Challenge of GDP growth

LACKLUSTRE economic growth and large fiscal and external imbalances (with declining rates of growth also contributing to poor growth in revenues) have made macro-economic management a challenging task.

Still-high inflation — even if it has declined, partly because of controversial methods of its estimation and partly owing to the deferment in administered price increases of electricity, gas and petrol — continued postponement of fundamental structural reforms and an uncertain international environment have also contributed to the macro-
economic management challenge.

These outcomes have been discussed in the media by a host of analysts and donors. This article attempts to review the composition of the low 3pc average annual growth in the last four years.

It is revealing that the two principal production sectors of the economy, agriculture and manufacturing, have performed rather poorly, with much of the growth driven by the services sector.

Despite the attractive incentives offered by government in the form of higher support prices (for wheat) and subsidies to inputs (fertiliser) and increased global commodity prices the average annual growth in agriculture was just over 2pc.

Resultantly, its contribution to growth was less than 12pc; and even within this, 83pc of the sector’s contribution came from the sub-sector of livestock, whose growth rate of 4pc per annum in real terms is not based on actual but assumed projections which simply overstate its contribution. The contribution of crops was rather limited.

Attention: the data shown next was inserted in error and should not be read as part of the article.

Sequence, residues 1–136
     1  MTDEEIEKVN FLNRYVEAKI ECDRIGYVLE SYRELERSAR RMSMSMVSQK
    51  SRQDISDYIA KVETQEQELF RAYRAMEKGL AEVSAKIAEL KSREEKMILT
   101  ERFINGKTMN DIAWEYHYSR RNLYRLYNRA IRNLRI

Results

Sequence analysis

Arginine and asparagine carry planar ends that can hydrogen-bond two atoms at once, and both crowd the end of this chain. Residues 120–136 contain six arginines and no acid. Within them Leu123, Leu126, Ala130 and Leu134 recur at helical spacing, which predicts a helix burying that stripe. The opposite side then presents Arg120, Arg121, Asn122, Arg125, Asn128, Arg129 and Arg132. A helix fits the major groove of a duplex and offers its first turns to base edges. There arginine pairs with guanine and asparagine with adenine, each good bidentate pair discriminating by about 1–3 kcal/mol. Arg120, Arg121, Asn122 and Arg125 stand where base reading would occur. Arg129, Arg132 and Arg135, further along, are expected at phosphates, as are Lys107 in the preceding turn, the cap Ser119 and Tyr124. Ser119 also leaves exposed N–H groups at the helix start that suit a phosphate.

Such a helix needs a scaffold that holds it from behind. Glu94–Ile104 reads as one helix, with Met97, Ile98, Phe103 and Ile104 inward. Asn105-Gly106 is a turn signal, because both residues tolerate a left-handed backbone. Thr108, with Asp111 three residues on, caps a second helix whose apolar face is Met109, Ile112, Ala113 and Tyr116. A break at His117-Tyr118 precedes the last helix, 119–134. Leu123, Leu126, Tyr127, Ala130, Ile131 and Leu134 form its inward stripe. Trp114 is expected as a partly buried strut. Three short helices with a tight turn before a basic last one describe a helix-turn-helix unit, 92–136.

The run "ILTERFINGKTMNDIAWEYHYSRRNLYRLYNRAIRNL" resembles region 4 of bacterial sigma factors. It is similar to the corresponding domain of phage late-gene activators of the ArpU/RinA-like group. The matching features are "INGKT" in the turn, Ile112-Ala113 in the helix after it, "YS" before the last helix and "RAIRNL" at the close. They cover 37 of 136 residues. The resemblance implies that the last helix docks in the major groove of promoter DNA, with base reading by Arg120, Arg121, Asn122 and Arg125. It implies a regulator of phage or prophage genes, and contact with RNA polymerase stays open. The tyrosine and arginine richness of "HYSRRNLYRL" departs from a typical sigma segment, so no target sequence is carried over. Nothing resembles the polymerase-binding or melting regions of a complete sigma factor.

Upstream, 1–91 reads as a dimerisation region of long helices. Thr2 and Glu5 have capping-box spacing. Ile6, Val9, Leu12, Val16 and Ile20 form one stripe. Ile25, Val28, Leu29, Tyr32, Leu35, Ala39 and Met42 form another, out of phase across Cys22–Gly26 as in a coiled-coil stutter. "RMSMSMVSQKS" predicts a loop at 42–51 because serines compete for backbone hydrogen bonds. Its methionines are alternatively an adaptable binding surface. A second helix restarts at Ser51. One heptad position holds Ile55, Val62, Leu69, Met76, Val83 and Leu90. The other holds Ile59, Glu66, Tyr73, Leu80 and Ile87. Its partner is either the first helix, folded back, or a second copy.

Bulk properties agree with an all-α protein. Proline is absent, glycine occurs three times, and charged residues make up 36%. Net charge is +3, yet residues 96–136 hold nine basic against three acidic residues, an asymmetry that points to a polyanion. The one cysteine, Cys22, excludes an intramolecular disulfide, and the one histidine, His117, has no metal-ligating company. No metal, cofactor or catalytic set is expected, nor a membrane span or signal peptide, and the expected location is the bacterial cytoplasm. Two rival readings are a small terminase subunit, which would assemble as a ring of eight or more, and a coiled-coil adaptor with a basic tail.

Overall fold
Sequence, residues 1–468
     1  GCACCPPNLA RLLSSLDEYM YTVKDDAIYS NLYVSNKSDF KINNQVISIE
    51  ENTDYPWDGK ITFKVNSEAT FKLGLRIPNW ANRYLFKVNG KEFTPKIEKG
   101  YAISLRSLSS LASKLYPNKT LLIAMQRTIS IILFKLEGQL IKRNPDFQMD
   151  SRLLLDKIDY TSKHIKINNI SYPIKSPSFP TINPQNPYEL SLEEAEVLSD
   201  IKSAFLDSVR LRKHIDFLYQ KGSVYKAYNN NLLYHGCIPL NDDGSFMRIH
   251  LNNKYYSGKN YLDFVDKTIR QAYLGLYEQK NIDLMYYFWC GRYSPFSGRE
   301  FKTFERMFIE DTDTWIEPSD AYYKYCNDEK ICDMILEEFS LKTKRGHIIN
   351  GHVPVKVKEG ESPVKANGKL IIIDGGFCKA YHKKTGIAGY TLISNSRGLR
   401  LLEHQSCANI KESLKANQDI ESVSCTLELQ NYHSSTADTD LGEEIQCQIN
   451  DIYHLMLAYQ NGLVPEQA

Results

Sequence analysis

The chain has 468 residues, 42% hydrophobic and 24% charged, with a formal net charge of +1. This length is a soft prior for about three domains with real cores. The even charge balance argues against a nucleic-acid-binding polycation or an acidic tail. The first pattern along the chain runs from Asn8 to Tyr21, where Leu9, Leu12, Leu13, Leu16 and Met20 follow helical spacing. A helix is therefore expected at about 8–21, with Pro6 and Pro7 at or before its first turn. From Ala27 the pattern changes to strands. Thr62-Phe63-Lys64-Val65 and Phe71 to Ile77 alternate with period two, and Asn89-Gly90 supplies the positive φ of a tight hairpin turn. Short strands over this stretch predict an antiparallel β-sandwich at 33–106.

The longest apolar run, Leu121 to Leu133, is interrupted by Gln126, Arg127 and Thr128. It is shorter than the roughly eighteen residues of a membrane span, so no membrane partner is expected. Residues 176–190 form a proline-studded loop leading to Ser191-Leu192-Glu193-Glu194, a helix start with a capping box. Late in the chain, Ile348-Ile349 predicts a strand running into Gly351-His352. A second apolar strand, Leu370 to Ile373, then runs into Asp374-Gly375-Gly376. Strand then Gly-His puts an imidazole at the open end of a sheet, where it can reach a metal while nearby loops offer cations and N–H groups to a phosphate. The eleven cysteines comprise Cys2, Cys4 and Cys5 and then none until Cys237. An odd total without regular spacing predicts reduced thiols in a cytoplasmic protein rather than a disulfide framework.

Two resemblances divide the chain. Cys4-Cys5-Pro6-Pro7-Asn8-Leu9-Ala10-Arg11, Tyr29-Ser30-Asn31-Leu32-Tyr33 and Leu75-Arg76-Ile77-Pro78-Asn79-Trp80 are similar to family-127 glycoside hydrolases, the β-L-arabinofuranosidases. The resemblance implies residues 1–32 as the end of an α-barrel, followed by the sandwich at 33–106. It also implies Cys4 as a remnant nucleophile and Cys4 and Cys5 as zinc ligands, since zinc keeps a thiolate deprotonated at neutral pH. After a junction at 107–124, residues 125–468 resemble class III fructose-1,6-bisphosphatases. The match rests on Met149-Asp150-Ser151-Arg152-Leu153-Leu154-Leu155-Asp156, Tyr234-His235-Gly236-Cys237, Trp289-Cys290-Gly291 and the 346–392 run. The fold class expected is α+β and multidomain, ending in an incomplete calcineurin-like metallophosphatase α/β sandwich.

In the same period the contribution of the manufacturing sector was 20pc, with almost the entire increase coming from the small-scale manufacturing sector. Again, as in the case of the livestock sector, the contribution of small and medium enterprises is not actual but assumed at an annual average of 7.5pc in real terms. This is difficult to defend given:

a) the extent of loadshedding, which affects this sector more because it does not have the financial wherewithal to purchase and maintain its own power supply and remain competitive;

b) this sector does not function in isolation — it buys and sells goods to the formal sector and ought to be affected by the ‘fate’ of the formal sector; and;

c) the extension of the road network which has improved access of the formal sector to local markets which were previously sheltered for local enterprises. The contribution of the large-scale manufacturing sector was more or less flat during this period.

On the other hand, the services sector contributed almost 60pc of this growth — although its contribution is likely to be even higher because a major portion of the sector is undocumented — with almost half of it from expenditure on public administration and defence/security. This includes the increase in the share of ‘community services’ as a result of the deteriorating law and order conditions.

In fact, given the manner in which national accounts are produced, economic growth can be enhanced by simply increasing the budget deficit through overstaffing and salary revisions at a rate higher than inflation, which happened in our case, with more than a doubling of salaries of civil and military personnel over the period.